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September 6, 2013 (Monticello - Corporate Office)
Monticello, IA – Innovative Ag Services Co. (IAS), What is an Emergency Action Plan? It is a written document required by particular OSHA standards [29 CFR 1910.38(a)].
The purpose of an EAP is to facilitate and organize employer and employee actions during workplace emergencies. Well-developed emergency plans and proper employee training (such that employees understand their roles and responsibilities within the plan) will result in fewer and less severe employee injuries and less structural damage to the facility during emergencies. A poorly prepared plan, likely will lead to a disorganized evacuation or emergency response, resulting in confusion, injury, and property damage.
Putting together a comprehensive emergency action plan that deals with those issues specific to your worksite is not difficult. It involves taking what was learned from your workplace evaluationand describing how employees will respond to different types of emergencies, taking into account your specific worksite layout, structural features, and emergency systems. Most organizations find it beneficial to include a diverse group of representatives (management and employees) in this planning process and to meet frequently to review progress and allocate development tasks. The commitment and support of all employees is critical to the plan's success in the event of an emergency; ask for their help in establishing and implementing your emergency action plan. For smaller organizations, the plan does not need to be written and may be communicated orally if there are 10 or fewer employees. Below are some things to consider creating procedures for when creating an Emergency Action Plan.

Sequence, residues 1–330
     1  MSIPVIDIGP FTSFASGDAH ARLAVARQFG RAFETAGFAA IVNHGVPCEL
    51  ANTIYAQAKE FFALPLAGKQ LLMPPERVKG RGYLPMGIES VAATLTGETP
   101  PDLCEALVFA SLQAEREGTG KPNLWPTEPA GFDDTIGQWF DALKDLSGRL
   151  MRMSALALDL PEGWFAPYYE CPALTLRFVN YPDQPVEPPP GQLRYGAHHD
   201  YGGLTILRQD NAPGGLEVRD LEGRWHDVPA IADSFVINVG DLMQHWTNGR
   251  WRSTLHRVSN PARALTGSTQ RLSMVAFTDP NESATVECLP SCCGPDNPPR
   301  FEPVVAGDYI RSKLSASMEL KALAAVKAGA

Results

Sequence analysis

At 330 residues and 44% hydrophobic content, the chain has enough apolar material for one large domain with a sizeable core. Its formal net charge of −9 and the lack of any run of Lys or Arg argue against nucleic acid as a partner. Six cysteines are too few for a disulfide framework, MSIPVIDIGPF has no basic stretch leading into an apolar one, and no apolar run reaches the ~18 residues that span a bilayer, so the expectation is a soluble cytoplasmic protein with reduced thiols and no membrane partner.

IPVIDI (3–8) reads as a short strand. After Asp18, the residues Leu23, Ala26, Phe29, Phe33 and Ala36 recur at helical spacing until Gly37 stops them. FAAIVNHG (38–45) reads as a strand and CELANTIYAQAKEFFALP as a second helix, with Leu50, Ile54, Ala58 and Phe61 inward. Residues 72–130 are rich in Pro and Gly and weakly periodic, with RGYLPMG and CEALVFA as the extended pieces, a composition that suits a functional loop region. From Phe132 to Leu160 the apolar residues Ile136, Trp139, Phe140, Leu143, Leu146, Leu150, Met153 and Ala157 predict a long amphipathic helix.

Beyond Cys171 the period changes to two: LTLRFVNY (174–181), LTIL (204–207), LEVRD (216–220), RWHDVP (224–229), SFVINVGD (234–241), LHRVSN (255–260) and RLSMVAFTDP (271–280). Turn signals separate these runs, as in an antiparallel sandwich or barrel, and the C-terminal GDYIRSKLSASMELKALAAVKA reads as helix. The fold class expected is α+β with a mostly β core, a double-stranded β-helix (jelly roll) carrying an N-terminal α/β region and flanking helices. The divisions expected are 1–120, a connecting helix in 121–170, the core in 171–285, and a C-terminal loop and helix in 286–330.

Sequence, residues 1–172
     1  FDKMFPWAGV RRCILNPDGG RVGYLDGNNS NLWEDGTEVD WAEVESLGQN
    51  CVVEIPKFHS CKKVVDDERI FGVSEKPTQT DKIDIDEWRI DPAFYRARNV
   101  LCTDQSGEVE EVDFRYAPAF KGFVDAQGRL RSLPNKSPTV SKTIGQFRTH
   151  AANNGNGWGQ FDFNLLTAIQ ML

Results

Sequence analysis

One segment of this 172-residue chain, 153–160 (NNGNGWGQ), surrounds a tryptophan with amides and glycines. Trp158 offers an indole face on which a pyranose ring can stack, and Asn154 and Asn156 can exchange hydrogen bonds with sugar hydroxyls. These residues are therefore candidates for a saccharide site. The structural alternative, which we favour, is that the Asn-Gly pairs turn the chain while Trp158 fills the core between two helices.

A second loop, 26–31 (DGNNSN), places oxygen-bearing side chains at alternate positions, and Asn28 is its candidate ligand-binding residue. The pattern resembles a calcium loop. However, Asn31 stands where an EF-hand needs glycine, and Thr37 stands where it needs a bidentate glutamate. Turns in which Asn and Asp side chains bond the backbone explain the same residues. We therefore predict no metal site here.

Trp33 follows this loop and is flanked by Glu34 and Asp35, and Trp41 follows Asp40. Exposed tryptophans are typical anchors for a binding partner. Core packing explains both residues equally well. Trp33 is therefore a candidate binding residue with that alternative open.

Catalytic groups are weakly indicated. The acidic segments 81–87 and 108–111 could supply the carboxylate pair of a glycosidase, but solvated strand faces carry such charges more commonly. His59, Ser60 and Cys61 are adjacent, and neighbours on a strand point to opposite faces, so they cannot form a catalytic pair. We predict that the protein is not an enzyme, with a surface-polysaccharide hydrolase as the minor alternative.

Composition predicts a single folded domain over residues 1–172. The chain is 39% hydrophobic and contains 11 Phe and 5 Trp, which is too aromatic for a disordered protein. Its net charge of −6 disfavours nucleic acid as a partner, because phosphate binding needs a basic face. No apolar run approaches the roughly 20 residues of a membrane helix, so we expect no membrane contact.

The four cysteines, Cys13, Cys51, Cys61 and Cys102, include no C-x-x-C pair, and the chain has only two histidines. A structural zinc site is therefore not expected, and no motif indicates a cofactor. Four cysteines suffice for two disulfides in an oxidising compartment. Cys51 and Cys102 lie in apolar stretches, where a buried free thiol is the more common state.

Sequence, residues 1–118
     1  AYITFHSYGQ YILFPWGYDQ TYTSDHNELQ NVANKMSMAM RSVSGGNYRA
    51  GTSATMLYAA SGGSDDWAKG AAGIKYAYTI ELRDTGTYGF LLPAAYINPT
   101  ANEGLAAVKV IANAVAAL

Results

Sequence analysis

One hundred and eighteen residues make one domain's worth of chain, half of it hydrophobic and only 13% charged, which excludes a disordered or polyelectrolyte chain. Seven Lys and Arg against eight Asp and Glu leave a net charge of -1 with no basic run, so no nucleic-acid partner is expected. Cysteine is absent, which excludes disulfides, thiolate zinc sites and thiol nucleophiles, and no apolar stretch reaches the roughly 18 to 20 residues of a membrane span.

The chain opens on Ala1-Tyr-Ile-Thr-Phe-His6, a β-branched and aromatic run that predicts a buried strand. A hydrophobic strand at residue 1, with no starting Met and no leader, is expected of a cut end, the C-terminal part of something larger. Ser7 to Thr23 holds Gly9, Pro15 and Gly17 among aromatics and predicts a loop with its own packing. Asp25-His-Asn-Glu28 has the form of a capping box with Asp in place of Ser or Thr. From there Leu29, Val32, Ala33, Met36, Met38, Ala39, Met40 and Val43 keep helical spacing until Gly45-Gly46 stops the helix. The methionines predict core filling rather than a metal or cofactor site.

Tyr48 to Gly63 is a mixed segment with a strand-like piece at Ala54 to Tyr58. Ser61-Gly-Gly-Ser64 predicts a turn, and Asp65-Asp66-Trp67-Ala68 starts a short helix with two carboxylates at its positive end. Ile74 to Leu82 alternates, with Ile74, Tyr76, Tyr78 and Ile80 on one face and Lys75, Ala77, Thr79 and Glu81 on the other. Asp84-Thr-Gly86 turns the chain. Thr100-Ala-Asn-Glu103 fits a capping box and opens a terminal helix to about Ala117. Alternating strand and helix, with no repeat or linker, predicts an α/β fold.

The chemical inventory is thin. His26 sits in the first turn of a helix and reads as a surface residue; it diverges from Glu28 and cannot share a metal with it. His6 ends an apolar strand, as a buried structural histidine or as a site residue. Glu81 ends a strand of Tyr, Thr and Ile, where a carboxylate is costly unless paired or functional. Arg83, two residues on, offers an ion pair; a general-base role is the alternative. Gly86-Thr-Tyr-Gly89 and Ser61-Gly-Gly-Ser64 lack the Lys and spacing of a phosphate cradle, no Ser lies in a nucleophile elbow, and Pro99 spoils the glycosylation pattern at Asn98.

Your farming operation is your business so you should have a plan too to protect your investment. Take time to figure out and apply some of these steps to your own business. Do you have contact numbers in a place where you can get to them quickly if there is an emergency? Plan today.
Evacuation Plans and Procedures. (September 6, 2013), from https://www.osha.gov/SLTC/etools/evacuation/eap.html